DNF does not output information like this. The technical reason is that depsolver below DNF always considers all dependencies for update candidates and the output would be very long. Secondly, even in Yum this output gets confusing very quickly especially for large transactions and so does more harm than good.
See the the related Fedora bug 1044999.
DNF Provides Complies with the Yum Documentation of the Command
When one executes:
yum provides sandbox
Yum applies extra heuristics to determine what the user meant by sandbox, for instance it sequentially prepends entries from the PATH environment variable to it to see if it matches a file provided by some package. This is an undocumented behavior that DNF does not emulate. Just typically use:
dnf provides /usr/bin/sandbox
dnf provides '*/sandbox'
to obtain similar results.
--enableplugin Not Recognized
This switch has been dropped. It is not documented for Yum and of a questionable use (all plugins are enabled by default).
DNF supports the throttle and bandwidth options familiar from Yum. Contrary to Yum, when multiple downloads run simultaneously the total downloading speed is throttled. This was not possible in Yum since downloaders ran in different processes.
Installonlypkgs Config Option
Compared to Yum, DNF appends list values from the installonlypkgs config option to DNF defaults, where YUM overwrites the defaults by option values.
The Usage of Delta RPM Files
The boolean deltarpm option controls whether delta RPM files are used. Compared to Yum, DNF does not support deltarpm_percentage and instead chooses some optimal value of DRPM/RPM ratio to decide whether using deltarpm makes sense in the given case.
Handling .srpm Files and Non-Existent Packages
DNF will terminate early with an error if a command is executed requesting an installing operation on a local .srpm file:
$ dnf install fdn-0.4.17-1.fc20.src.rpm tour-4-6.noarch.rpm Error: Will not install a source rpm package (fdn-0.4.17-1.fc20.src).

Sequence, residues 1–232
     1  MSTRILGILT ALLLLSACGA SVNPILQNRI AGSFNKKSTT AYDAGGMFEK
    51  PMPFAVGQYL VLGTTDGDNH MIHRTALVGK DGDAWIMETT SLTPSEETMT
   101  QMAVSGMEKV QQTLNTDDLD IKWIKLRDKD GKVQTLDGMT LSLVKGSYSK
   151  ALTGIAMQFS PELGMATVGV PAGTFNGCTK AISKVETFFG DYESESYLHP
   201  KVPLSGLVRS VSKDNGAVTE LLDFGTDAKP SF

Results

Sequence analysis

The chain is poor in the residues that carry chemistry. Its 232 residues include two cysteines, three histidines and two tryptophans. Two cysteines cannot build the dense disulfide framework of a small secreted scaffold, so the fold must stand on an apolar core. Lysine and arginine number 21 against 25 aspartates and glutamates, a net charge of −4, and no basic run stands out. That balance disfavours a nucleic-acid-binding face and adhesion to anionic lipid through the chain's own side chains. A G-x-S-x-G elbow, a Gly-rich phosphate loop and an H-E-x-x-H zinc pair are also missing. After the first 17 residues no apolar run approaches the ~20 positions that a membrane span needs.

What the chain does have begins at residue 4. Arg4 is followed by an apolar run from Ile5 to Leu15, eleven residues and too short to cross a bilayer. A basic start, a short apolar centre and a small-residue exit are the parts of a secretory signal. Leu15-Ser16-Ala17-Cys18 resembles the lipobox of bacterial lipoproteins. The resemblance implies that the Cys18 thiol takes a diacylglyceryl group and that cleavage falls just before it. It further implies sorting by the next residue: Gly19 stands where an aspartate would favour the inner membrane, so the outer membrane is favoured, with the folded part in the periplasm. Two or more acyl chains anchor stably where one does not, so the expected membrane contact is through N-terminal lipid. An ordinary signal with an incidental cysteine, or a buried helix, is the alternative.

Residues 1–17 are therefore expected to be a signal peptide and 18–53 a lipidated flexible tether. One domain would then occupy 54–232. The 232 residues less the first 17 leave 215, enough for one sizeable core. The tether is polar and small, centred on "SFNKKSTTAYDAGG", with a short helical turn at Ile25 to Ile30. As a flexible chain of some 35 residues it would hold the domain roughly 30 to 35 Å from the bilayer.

The same applies for package specifications that does not match any available package.
Yum will only issue warning in this case and continue installing the “tour” package. The rationale behind the result in DNF is that a program should terminate with an error if it can not fulfill the CLI command in its entirety.
Promoting Package to Install to a Package That Obsoletes It
DNF will not magically replace a request for installing package X to installing package Y if Y obsoletes X. Yum does this if its obsoletes config option is enabled but the behavior is not properly documented and can be harmful.
See the the related Fedora bug 1096506 and guidelines for renaming and obsoleting packages in Fedora.
Behavior of --installroot Option
DNF offer more predictable behavior of installroot. DNF differently handles path from --config command-line option, where this path is always related to host system (Yum combines this path with installroot). Reposdir is also slightly differently handled, if one path of reposdirs exists inside of installroot, than repos are strictly taken from installroot (Yum tests each path from reposdir separately and use installroot path if existed). See detailed description for --installroot option.
|Original Yum tool||DNF command/option||Package|
|yum check||dnf repoquery --unsatisfied||dnf|
|yum-plugin-auto-update-debug-info||option in debuginfo-install.conf||dnf-plugins-core|
|yum-plugin-fastestmirror||fastestmirror option in dnf.conf||dnf|
|yum-plugin-priorities||priority option in dnf.conf||dnf|
Plugins that have not been ported yet:
yum-plugin-aliases, yum-plugin-changelog, yum-plugin-filter-data, yum-plugin-keys, yum-plugin-list-data, yum-plugin-post-transaction-actions, yum-plugin-protectbase, yum-plugin-ps, yum-plugin-puppetverify, yum-plugin-refresh-updatesd, yum-plugin-rpm-warm-cache, yum-plugin-tmprepo, yum-plugin-tsflags, yum-plugin-upgrade-helper, yum-plugin-verify
Feel free to file a RFE for missing functionality if you need it.
All ported yum tools are now implemented as DNF plugins.
|Original Yum tool||New DNF command||Package|
|find-repos-of-install||dnf list installed||dnf|
|package-cleanup||dnf list, dnf repoquery||dnf, dnf-plugins-core|
Detailed table for package-cleanup replacement:
|package-cleanup --dupes||dnf repoquery --duplicates|
|package-cleanup --leaves||dnf repoquery --unneeded|
|package-cleanup --orphans||dnf repoquery --extras|
|package-cleanup --oldkernels||dnf repoquery --installonly|
|package-cleanup --problems||dnf repoquery --unsatisfied|
|package-cleanup --cleandupes||dnf remove --duplicates|
|package-cleanup --oldkernels||dnf remove --oldinstallonly|
Utilities that have not been ported yet:
repodiff, repo-rss, show-changed-rco, show-installed, verifytree, yum-groups-manager
Take a look at FAQ about yum to DNF migration. Feel free to file a RFE for missing functionality if you need it.
See AUTHORS in DNF source distribution.
2012-2014, Red Hat, Licensed under GPLv2+